WWE Shares Are Up 23% Since Vince McMahon's Return—Despite Slide Following Saudi Sale Rumors

The stock rose as much as 2.5% in early Wednesday trading following a report about the company's alleged pending sale to the Saudi Arabian sovereign wealth fund, before paring gains after the rumors…

WWE Shares Are Up 23% Since Vince McMahon's Return—Despite Slide Following Saudi Sale Rumors

Shares of Worldwide Wrestling Entertainment surged and then slipped Wednesday as unsubstantiated rumors of its sale to the Saudi Arabian sovereign wealth fund swirled and were later swatted down, though WWE's market capitalization remains up nearly $2 billion since the recent return of its scandal-ridden billionaire former boss Vince McMahon.

Vince McMahon officially returned to the WWE's board Tuesday.Getty Images Shares surged as much as 2.5% in early trading after a viral, now-deleted report from DAZN's Steven Muehlhausen said WWE had entered an agreement to sell itself to the Saudi Public Investment Fund and go private, though later reports, citing internal sources at WWE, indicated that there was no sale agreement in place. The reports are '100% false,' said LightShed Partners' Rich Greenfield on Twitter, while Cannonball Research's Vasily Karasyov noted in an email the original tweet was deleted and wrote in a recent note that the WWE would need to complete media rights negotiations in order for a sale to 'make sense' for any bidder, with its television deal set to expire next year. WWE stock pared gains in choppy morning trading, but shares are still up 23% since McMahon announced last Thursday he planned to return as executive chairman of the WWE's board after spending seven months away from the company amid a sexual misconduct scandal. "McMahon had been an integral part of every aspect of the business," according to Loop Capital's Alan Gould, noting it would be 'highly logical to run a parallel path of a sale process and a US media rights licensing process' likely beginning in April, particularly since the value of sports and live entertainment rights across the industry are at an all-time high. The analyst named several companies far more content-oriented than the Saudi Public Investment Fund—Comcast, Amazon, Netflix, Disney, Fox Corporation and UFC parent Endeavor—as the most likely WWE buyers. Gould upped WWE's price target from $90 to $105 on Friday on the sale optimism, while Citigroup raised its target for the stock from $86 to $110 on Tuesday each indicating 15% upside or more.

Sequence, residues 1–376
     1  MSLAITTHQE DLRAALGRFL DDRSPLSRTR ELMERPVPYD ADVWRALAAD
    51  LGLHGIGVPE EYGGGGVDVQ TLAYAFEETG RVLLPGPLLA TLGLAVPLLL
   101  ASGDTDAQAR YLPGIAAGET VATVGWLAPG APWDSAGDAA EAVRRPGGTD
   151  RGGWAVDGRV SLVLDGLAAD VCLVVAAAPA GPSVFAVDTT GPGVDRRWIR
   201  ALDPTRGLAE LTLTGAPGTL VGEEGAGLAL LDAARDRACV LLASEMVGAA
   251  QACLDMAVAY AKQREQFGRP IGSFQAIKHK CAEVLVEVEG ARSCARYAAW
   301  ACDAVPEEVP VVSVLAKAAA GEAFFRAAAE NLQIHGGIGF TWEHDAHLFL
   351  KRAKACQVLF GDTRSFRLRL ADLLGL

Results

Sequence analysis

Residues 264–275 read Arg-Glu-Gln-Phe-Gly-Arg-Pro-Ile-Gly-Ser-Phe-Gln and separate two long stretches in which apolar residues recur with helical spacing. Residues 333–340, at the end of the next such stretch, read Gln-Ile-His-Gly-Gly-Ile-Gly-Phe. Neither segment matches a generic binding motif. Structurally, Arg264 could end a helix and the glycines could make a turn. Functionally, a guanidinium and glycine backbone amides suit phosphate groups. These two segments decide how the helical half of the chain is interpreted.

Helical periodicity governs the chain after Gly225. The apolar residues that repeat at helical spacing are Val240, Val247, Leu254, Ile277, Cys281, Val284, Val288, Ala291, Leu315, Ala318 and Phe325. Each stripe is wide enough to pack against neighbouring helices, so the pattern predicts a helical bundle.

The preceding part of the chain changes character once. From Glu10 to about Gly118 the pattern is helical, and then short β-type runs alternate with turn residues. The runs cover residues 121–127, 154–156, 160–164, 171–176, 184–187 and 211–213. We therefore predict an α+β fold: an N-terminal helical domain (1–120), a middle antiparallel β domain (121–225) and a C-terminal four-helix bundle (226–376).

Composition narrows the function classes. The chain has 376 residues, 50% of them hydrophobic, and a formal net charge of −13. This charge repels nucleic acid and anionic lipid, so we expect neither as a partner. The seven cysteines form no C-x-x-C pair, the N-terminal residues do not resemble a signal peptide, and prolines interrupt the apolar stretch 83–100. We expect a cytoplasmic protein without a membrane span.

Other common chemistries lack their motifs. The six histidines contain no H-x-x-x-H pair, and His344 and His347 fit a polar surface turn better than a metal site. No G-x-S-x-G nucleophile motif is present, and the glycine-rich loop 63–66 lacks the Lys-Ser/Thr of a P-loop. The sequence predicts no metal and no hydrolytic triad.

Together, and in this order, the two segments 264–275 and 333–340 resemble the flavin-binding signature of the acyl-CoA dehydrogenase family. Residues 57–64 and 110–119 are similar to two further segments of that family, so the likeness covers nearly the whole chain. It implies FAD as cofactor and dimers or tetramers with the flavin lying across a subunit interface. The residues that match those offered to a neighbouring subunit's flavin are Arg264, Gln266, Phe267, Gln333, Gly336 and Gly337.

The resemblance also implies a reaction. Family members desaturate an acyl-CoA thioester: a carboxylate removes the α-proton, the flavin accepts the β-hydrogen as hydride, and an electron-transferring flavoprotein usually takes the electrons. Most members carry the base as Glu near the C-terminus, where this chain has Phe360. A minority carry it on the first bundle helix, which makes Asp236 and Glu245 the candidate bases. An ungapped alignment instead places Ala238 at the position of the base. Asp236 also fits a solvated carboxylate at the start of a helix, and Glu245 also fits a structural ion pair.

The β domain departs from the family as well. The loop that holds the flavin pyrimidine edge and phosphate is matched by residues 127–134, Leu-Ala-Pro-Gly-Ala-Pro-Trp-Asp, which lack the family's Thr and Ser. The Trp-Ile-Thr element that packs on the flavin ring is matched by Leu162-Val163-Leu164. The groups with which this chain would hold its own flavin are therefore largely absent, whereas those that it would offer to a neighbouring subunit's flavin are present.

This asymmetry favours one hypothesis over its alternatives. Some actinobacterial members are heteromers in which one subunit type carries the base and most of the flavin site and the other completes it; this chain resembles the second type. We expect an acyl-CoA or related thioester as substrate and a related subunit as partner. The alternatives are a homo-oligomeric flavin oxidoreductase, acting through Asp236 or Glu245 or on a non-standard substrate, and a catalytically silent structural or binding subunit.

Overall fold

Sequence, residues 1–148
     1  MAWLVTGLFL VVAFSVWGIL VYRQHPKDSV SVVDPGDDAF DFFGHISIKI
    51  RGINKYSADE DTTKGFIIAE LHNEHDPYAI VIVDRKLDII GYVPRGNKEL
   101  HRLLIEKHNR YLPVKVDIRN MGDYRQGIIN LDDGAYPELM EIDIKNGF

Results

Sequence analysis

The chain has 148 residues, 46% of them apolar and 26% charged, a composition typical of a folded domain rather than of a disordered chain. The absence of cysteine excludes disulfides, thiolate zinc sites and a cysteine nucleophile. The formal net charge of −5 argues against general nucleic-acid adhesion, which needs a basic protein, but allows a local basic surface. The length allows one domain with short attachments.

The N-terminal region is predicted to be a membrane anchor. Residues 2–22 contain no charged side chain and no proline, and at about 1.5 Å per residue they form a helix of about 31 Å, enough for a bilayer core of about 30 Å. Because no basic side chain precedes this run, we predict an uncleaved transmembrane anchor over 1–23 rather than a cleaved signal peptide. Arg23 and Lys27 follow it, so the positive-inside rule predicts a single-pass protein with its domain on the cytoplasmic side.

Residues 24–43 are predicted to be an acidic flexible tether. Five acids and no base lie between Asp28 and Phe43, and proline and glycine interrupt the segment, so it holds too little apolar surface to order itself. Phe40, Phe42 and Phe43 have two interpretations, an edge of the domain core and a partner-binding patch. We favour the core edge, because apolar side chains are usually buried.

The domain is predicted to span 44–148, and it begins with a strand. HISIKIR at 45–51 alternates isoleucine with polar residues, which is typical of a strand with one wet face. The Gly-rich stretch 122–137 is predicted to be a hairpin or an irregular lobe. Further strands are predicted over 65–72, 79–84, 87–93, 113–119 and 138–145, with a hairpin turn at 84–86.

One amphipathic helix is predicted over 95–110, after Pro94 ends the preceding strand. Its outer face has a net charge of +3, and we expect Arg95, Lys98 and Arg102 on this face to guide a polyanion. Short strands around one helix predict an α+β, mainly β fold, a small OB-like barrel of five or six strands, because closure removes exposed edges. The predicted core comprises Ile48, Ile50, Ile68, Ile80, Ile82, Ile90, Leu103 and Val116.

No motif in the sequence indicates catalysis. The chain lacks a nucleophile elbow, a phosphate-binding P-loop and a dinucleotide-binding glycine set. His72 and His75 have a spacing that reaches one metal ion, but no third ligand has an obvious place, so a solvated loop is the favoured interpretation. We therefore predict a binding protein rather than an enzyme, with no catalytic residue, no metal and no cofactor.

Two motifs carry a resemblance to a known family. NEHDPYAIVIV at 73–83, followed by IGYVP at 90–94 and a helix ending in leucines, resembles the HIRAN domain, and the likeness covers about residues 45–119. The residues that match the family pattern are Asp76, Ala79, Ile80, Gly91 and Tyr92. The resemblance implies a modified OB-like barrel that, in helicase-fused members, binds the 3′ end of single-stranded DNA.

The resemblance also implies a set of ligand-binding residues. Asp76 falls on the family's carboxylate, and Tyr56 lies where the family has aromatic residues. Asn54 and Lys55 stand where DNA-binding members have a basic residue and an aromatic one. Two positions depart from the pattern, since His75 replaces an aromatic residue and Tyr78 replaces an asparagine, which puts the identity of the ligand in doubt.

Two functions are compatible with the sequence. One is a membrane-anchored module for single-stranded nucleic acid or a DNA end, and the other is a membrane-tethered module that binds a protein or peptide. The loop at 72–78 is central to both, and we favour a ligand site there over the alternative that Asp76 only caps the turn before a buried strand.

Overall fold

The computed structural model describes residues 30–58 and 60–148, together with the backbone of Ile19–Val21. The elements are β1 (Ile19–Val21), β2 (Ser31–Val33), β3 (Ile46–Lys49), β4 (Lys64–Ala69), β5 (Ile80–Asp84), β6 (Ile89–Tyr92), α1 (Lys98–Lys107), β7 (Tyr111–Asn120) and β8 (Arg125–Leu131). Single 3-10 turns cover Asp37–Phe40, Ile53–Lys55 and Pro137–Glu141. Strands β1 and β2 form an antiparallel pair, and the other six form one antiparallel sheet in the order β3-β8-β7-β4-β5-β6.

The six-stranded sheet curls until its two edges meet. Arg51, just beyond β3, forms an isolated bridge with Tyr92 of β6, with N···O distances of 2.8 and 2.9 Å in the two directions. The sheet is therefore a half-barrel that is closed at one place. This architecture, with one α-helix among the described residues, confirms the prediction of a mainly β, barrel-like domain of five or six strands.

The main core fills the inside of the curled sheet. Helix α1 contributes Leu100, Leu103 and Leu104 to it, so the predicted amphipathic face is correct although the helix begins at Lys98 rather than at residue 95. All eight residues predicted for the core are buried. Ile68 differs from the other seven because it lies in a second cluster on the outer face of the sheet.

WWE said last week it planned to 'undertake a review of its strategic alternatives with the goal being to maximize value for all WWE shareholders,' indicating it was likely mulling a sale, and CNBC reported Saturday the firm has retained JPMorgan Chase to advise on such a transaction. WWE and the Public Investment Fund did not respond to Forbes' request for comment. The long-time WWE CEO and chairman McMahon resigned from the company in June and retired from the company in July following the revelation of millions of dollars in company funds going toward 'hush' payments to former employees accusing him of sexual misconduct. McMahon officially took over as chairman late Tuesday, while his daughter Stephanie McMahon simultaneously resigned from her role as co-CEO and chairwoman in what the elder McMahon described as a 'personal decision.' The Saudi Arabian sovereign wealth fund made waves in American sports in 2022, dishing out billions of dollars in its financing of LIV Golf, the controversial PGA Tour competitor that lured top American golfers like Phil Mickelson and Bryson DeChambeau with its nine-figure paydays.

Forbes Valuation

We estimate McMahon to be worth $2.9 billion, with his fortune up substantially from the $2.3 billion it stood at as of his June resignation. Vince McMahon Retires From WWE Under Cloud Of Misconduct Probe (Forbes)

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